Your rights when it comes to debt collection depends on whether the debt is a consumer (personal) debt or a business (commercial) debt.
The Financial Conduct Authority (FCA) regulates Debt Collection Agencies that deal with consumer credit collections and there are rules and regulations that govern what they can and can’t do.
Debt collectors are not allowed to:
Debt collectors are allowed to visit you in person. There’s no rule against this, but they have no more powers than someone ringing up on the phone, and they have to give you notice of the date and time of the visits. The visitor has to explain who they are and what the reason for the visit is. They cannot enter your property without your consent and they must leave if asked to do so. They cannot visit you at an inappropriate location (unless you have consented to the visit there).
If you feel you are being harassed by a Consumer Collection Agency then the Citizens Advice agency has issued guidance about what you should do next.
While there is no regulatory body for Debt Recovery Agencies that collect business debts, they should follow these guidelines when dealing with cases.
A debt is considered 'statute barred' if the creditor has not contacted the debtor for a period of 6 years and no action has been taken on the account.
Although the debt is still legally acknowledged as being owed, the creditor is not able to take any legal action against the debtor in order to recover the debt. It is considered unfair if a creditor or debt collector misleads the debtor into believing the debt is still legally recoverable. For more information about what to do if you have forgotten to invoice a client please read here.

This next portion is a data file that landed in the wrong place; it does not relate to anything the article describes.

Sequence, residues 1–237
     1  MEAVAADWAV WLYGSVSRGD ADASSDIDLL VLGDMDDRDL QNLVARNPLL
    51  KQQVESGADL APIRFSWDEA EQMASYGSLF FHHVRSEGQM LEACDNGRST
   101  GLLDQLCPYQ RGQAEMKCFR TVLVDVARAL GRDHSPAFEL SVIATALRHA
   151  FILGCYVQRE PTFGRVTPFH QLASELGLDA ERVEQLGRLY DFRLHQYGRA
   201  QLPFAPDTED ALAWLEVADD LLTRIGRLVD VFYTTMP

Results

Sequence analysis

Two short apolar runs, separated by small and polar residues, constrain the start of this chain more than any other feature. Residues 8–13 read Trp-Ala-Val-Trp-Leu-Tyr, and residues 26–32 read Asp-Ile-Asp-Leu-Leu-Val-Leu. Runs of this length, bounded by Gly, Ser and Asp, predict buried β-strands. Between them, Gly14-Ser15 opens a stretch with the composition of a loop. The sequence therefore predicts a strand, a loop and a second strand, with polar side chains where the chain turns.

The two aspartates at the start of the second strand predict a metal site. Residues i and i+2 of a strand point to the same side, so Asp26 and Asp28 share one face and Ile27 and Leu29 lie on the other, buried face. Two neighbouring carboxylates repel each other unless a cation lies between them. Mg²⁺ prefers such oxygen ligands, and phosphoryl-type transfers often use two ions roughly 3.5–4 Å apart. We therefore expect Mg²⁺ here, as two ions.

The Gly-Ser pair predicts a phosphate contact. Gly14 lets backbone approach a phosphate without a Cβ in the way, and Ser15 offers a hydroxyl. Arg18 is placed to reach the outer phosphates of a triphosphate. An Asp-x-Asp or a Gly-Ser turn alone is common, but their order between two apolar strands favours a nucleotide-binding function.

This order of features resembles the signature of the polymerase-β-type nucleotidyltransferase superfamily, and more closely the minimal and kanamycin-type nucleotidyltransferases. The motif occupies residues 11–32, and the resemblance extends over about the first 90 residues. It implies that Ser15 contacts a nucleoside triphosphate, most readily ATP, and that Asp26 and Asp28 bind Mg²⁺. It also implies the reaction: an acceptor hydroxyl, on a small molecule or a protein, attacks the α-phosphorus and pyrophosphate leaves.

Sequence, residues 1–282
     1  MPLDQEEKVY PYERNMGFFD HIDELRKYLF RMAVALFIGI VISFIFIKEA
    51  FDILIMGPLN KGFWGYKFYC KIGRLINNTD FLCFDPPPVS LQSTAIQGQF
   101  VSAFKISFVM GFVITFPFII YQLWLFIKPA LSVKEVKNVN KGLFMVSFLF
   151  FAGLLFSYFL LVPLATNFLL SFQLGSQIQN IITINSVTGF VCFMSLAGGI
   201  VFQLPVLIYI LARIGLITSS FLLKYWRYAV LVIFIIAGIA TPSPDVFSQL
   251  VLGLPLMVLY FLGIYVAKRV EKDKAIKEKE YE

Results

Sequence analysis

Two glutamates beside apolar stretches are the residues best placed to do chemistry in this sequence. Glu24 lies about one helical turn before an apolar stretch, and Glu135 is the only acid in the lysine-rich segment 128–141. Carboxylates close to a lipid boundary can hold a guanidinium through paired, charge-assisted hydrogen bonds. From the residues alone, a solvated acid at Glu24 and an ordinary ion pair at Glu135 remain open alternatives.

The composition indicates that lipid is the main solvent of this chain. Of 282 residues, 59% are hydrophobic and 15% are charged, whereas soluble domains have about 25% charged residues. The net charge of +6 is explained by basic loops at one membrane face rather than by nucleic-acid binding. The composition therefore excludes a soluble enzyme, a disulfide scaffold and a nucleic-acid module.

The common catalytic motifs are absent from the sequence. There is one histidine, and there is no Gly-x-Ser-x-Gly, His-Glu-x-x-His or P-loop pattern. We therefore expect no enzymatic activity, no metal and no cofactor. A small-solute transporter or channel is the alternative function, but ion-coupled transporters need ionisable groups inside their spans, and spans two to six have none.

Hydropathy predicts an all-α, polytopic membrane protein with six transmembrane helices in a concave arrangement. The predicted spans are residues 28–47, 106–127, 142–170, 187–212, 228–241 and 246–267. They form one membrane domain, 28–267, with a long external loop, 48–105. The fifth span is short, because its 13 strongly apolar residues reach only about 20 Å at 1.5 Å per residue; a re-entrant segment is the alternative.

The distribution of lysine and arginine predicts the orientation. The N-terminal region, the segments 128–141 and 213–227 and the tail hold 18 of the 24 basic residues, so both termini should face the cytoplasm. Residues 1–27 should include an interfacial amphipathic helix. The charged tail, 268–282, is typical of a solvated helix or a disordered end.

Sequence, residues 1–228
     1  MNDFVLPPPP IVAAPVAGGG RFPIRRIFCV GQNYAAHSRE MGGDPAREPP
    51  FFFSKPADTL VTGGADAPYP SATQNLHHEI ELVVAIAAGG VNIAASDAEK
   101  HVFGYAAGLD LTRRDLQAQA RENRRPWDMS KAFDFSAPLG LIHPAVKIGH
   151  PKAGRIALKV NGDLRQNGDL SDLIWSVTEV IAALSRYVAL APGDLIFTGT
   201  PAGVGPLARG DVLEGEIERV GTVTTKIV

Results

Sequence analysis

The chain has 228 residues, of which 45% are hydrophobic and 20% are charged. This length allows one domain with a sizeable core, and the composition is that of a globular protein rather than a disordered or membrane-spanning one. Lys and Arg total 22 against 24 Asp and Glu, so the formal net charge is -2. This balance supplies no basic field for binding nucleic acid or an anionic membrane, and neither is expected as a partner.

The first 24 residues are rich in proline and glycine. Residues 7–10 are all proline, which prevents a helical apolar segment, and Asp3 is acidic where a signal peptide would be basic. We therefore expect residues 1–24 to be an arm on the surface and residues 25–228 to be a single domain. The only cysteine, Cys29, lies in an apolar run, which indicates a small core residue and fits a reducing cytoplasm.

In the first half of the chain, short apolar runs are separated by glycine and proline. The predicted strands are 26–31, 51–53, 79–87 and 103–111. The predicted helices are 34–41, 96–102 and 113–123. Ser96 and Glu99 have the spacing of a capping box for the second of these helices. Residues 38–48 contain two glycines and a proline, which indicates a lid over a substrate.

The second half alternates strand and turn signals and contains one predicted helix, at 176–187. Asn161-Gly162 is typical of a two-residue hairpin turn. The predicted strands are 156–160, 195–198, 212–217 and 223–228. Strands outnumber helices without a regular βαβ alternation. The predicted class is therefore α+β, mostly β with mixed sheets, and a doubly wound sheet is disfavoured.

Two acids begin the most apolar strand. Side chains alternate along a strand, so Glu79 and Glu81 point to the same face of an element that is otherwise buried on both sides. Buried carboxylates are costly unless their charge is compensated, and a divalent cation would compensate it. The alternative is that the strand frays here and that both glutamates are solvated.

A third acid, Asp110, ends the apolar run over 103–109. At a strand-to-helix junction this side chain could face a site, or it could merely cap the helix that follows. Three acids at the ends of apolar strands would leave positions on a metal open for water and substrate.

It is also considered an unfair practice if the debt collector presses for payment after the debtor has stated they will not be paying the money owed. This could amount to harassment contrary to Section 40(1) of the Administration of Justice Act 1970.
Just like for consumer credit, a debt collector that contacts you by phone, letter or visit, must state clearly who they are, where they are from, their role and the purpose of contact. If a debt collector attempts to use unhelpful technical language to confuse or mislead you, this is considered as an unfair practice.
Similarly, it is unfair for a creditor to mislead a debtor into believing legal proceedings will take place when attempting to recover a debt, so if you issue a Final Demand you must then act on it.
Creditors should not use more than one debt-collecting agency at any one time.
If a debtor queries a debt and money that is owed, it is unfair to continue with recovery proceedings during the time the debt is being disputed. If requested, the debt-collecting agency must provide details of an outstanding debt. It is not all up to the debtor to prove they do not owe a debt, is it up to the creditor to prove they do if the debt is dispute
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